Animal graveyard found in deeply buried Antarctic lake | Science News for Students

Animal graveyard found in deeply buried Antarctic lake

Mud from Lake Mercer revealed tiny squashed creatures that resemble spiders and worms
Feb 27, 2019 — 6:45 am EST
a photo showing a drill into the ice above Lake Mercer in Antarctica

Researchers drilled through a kilometer of ice above Lake Mercer in Antarctica. They found mud that contained carcasses of tiny animals resembling spiders, crustaceans, worms and water bears.

Billy Collins/SALSA Science Team

Scientists have uncovered a big surprise from Antarctica’s Lake Mercer: the remains of tiny animals. Some looked like “squished spiders and crustacean-type things with legs,” says David Harwood. “Some other things … looked like they could be worms.”

Harwood is a micropaleontologist. He studies fossils of microscopic creatures at the University of Nebraska–Lincoln. He was describing animal carcasses retrieved from Lake Mercer, some 600 kilometers (370 miles) from the South Pole.

A thick layer of ice has topped this lake for thousands of years. In late December, researchers drilled through about a kilometer (0.6 mile) of that ice to reach the lake. The mud they dredged up from its bottom contained the animal remains. They found the tiny carcasses by examining the water and mud under a microscope.

Harwood was part of an expedition known as SALSA, which stands for Subglacial Antarctic Lakes Scientific Access. Its researchers were the first to sample this deeply buried lake. In addition to the other animal carcasses, they spotted what appeared to be remnants of a water bear. Water bears, or tardigrades, are durable microscopic critters. Examining DNA from the remains will help researchers ID them.

An announcement of the SALSA team's discovery of Lake Mercer's animal graveyard appeared in a news report published online January 18 in Nature.

Were they lake dwellers or just drop-ins?

Until now, scientists hadn’t considered that Antarctic lakes like Mercer could host organisms larger than microbes. That’s why this find “is really intriguing,” says Slawek Tulaczyk. Not part of the SALSA team, he studies glaciers for the University of California, Santa Cruz.

In 2013, scientists sampled another buried lake in Antarctica — Lake Whillans. “We didn’t uncover any evidence of anything more complex than a microbe,” says SALSA team member Brent Christner. He is a microbiologist at the University of Florida in Gainesville. “We had a similar expectation” for Lake Mercer, he says.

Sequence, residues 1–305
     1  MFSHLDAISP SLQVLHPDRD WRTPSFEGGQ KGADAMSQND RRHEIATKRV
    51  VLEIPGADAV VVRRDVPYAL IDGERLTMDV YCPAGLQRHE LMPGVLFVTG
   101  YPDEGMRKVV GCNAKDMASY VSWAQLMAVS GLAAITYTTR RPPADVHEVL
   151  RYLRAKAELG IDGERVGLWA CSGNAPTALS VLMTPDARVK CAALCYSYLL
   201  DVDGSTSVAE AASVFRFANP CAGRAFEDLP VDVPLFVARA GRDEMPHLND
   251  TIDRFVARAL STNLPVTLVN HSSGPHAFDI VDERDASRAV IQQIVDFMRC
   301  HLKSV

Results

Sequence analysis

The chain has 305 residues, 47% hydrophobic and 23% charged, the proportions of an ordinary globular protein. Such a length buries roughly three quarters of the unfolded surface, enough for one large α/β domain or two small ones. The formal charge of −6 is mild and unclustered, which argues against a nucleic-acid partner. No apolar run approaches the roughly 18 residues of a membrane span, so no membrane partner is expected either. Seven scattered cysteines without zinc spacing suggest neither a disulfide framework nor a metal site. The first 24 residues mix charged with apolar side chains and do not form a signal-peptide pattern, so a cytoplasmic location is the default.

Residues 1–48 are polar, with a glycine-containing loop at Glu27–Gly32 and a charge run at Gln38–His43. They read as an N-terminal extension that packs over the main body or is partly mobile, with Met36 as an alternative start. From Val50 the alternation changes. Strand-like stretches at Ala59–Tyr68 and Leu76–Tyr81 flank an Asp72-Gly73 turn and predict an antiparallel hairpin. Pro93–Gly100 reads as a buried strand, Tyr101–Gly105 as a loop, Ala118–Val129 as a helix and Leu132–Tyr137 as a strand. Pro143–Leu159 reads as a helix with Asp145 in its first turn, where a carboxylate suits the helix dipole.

a map of Antarctica showing the location of Laker Mercer and Lake Whillans
Scientists were surprised by Lake Mercer’s animal graveyard. Samples taken from neighboring Lake Whillans turned up only microbes.
E. Otwell

It’s unclear if animals that once lived in Lake Mercer left behind the newly unearthed carcasses, Tulaczyk says. Ice or water may have carried these fragments in from the ocean. Or the remains could have washed in from nearby lakes in the Transantarctic Mountains.

The SALSA team could use radiocarbon dating to help pinpoint the samples’ ages. This technique works by comparing the relative amounts of two forms of carbon. One of them, carbon-14, is radioactive. That means it is unstable and sheds energy. As carbon-14 loses energy, it turns into carbon-12. This conversion occurs at a known rate. The ratio of carbon-12 to carbon-14 in material from a once-living object can be used to determine its age. And that, Tulaczyk says, may provide a clue as to how and when these minuscule carcasses arrived in Lake Mercer.

If any of these animals once called Lake Mercer home, some of them may still be alive down there, Harwood says. “It’s interesting to think that life can exist in really extreme environments,” he says. Lake Mercer is a great example.

The lake has been cut off from both the ocean and atmosphere for thousands of years. Indeed, Harwood says, “If life is still persisting there, that’s important for our thoughts about what we might find out in space.”

Power Words

(more about Power Words)

Antarctica     A continent mostly covered in ice, which sits in the southernmost part of the world.